Stephen B. Grimes, Huston’s Assistant Art Director on the 1956 adaptation of Moby-Dick, created the movie’s storyboard. Storyboards represent a particularly important inter-semiotic mediation in the film-making process because they are the first visualization of the screenplay. A storyboard is composed of a series of sketches that outline the narrative sequence of a film before it is shot. In some cases, it follows a scene shot-by-shot and is a guide for the director and the cinematographer. When compared to the final cut of Bradbury and Huston’s film, Grimes’s storyboarding can establish the degree of influence Grimes exerted on the film’s mise-en-scène. “Storyboarding Moby-Dick,” a MEL project that explores Grimes’s creative input into the 1956 film addresses a number of questions. How did the artist’s drawing style affect other elements of the film? What differences exist between the storyboard’s projection of the narrative sequence with regards to the novel, the screenplay, and the film? What are the implications of these differences? How does Grimes’s visual interpretation of the novel shape an already complicated network of versions layered on to the film? What does his appropriation of industrial common practices for storyboarding say about his artistic vision in relation to the ideological implications of the classic Hollywood production system? How is his work to be assessed in light of this system?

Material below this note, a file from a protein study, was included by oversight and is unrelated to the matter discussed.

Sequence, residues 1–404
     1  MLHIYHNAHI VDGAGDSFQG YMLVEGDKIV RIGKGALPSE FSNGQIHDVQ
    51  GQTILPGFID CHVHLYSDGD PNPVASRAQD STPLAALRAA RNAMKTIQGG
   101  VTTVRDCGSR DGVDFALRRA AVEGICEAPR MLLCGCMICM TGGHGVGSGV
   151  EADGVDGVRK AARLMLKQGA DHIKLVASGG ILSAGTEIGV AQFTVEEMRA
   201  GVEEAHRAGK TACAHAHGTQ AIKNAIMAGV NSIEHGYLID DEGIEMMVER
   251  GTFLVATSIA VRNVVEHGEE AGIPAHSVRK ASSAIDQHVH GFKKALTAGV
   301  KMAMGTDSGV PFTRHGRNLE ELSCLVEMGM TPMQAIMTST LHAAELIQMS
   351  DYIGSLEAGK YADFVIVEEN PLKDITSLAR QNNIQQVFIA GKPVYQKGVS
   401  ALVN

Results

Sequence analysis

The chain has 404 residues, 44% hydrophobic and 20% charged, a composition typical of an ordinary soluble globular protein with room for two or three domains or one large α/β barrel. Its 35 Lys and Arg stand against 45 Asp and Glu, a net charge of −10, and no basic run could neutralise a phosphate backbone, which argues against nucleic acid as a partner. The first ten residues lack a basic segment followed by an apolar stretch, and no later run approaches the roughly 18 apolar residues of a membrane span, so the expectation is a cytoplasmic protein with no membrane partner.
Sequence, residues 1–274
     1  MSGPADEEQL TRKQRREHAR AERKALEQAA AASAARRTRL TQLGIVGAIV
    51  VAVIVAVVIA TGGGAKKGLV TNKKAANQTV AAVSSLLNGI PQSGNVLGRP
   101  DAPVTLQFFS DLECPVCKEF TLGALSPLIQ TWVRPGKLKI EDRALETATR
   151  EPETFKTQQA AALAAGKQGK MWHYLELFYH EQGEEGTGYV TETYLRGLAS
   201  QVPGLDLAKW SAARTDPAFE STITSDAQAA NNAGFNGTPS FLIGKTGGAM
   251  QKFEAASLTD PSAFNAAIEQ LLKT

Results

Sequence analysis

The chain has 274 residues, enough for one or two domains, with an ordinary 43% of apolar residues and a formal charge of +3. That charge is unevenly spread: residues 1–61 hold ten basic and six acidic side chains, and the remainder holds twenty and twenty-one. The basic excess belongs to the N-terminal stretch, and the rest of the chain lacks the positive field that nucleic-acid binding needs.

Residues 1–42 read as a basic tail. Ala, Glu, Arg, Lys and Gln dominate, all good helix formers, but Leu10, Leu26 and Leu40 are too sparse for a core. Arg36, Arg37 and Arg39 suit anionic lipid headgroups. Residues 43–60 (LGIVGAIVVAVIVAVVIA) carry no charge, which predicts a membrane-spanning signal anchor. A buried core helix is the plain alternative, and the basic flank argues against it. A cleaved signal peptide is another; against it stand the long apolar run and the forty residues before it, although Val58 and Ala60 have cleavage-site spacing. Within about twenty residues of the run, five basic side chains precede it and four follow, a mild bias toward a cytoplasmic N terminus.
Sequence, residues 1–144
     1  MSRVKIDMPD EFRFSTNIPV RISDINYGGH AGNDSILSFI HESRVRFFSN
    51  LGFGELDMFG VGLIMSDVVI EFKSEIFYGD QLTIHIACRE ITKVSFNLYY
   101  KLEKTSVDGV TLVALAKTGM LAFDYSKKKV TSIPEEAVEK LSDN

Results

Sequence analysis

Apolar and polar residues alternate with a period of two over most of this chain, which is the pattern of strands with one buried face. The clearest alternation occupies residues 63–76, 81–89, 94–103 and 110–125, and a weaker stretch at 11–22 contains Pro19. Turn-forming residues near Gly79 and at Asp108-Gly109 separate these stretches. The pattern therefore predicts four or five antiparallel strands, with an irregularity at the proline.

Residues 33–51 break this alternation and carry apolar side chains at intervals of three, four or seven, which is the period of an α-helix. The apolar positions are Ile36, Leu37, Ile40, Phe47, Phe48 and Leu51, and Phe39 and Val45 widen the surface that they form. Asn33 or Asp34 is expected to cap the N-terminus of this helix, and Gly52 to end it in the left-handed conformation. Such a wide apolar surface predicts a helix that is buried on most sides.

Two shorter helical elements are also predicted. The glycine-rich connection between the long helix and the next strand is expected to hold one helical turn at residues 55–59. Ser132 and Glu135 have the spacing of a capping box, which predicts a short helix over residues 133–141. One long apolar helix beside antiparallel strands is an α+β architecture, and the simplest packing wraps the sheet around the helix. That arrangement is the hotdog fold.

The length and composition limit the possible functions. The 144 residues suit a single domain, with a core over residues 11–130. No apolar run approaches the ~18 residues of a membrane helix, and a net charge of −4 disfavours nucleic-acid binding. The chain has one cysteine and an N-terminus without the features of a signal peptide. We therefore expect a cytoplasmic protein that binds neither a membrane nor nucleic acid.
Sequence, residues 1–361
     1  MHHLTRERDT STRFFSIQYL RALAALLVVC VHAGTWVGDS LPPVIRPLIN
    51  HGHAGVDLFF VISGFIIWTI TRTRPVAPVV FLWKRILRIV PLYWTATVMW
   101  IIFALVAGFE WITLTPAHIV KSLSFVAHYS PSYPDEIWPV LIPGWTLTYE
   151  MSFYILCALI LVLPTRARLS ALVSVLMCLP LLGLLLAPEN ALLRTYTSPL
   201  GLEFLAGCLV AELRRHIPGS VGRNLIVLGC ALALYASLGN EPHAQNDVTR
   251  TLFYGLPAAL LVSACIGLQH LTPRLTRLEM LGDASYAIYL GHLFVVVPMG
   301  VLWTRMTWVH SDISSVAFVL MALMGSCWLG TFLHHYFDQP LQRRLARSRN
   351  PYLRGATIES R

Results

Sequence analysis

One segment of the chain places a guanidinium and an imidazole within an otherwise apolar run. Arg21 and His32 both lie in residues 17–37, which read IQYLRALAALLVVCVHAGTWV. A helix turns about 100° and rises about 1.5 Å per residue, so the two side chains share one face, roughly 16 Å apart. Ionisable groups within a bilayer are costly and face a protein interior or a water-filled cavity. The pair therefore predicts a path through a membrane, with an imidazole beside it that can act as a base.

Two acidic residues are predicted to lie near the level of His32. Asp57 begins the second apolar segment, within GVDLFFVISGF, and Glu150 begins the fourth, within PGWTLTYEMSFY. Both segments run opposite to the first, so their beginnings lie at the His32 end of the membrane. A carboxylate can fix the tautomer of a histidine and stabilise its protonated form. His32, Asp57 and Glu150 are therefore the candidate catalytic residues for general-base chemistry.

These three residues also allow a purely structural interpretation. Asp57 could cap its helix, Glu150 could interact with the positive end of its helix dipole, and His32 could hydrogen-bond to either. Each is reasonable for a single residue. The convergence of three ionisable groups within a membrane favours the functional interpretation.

In search for answers to these and other questions, MEL editors will collate Grimes’s storyboards with Melville’s novel, the numerous versions of Bradbury’s screenplays, and Huston’s final cut. The storyboard materials scholars will be working with are 38 watercolors (23 cm x 9.5 cm) and double-strip photographs of the nearly complete storyboard (11.75 cm x 9.25 cm). Watercolors are double tiered in formation and contain, in some cases strips of text taken from one of the screenplay versions used on set after Bradbury had left the production.
To see samples of the Grimes Storyboard, click on the link in the right column.